The world economic expansion is still trucking along, although it has become a bit more dependent than previously on the U.S. economy, and should support some further equity gains, although against a background of rising political risks—especially the risk of trade wars. Fixed interest and other income-oriented asset classes continue to be challenged by the prospect of rising inflation and tighter monetary policy. In New Zealand, the economy is still growing but not as robustly as previously, and although local equities have been performing well, the outlook for further gains is more uphill.
New Zealand Cash & Fixed Interest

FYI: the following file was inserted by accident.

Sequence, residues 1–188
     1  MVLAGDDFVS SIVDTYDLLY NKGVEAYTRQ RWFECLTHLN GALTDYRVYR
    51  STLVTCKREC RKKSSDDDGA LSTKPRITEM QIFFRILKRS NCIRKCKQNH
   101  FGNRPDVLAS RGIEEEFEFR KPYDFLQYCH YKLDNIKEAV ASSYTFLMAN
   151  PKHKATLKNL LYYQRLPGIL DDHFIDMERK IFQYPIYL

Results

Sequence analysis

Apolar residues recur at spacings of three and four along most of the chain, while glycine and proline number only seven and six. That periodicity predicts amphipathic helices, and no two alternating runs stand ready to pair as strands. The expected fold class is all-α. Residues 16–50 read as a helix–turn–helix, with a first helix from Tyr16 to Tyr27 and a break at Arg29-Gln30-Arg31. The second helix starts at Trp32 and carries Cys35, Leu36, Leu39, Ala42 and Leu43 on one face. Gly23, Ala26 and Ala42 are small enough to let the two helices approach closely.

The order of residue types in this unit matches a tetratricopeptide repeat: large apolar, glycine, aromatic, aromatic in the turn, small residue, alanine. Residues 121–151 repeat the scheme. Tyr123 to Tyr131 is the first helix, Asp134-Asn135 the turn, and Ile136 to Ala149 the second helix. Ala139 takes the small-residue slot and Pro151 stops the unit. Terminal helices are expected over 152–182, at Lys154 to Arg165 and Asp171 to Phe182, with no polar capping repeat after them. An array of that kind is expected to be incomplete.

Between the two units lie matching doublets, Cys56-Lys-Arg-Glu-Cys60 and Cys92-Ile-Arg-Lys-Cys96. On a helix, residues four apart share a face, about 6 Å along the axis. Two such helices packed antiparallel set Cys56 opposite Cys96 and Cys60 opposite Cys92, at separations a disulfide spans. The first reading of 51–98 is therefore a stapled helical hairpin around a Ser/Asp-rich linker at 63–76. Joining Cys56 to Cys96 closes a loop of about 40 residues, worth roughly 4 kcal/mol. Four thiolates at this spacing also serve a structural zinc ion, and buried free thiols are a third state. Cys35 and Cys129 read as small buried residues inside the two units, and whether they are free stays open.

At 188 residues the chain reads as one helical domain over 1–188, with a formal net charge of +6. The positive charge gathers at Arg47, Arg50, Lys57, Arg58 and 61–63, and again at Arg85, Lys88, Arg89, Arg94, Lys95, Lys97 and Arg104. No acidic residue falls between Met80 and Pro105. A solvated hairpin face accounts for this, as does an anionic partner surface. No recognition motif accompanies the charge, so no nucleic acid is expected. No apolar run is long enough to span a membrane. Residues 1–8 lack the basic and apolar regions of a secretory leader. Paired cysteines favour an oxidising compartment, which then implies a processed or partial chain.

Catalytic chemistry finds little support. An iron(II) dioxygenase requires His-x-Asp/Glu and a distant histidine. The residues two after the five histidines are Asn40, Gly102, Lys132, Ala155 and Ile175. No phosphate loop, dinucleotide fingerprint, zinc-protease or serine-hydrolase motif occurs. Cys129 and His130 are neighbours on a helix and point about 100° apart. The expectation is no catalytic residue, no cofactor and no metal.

Once again, there is little to report on short-term interest rates. The RBZ maintained the official cash rate at 1.75% at it’s latest Monetary Policy Statement of 10 May. It has held steady since November 2016. The 90-day bank bill yield continues to trade a little under 2.0%. Bond yields have been more volatile, and not as closely linked as usual to U.S. bond yields. On occasions, the local 10-year government bond yield has yielded less than its U.S. equivalent. Currently, however, they are both just over 2.9%. The New Zealand dollar is weaker year to date, and is down 0.9% in overall trade-weighted value.
Short-term interest rates are very likely to remain around current levels over the next year. The RBNZ says it will be keeping policy unchanged until late 2019, while some forecasters think it might start raising rates a little earlier. Low rates on cash in the bank will be a feature of the local investing landscape for some time yet.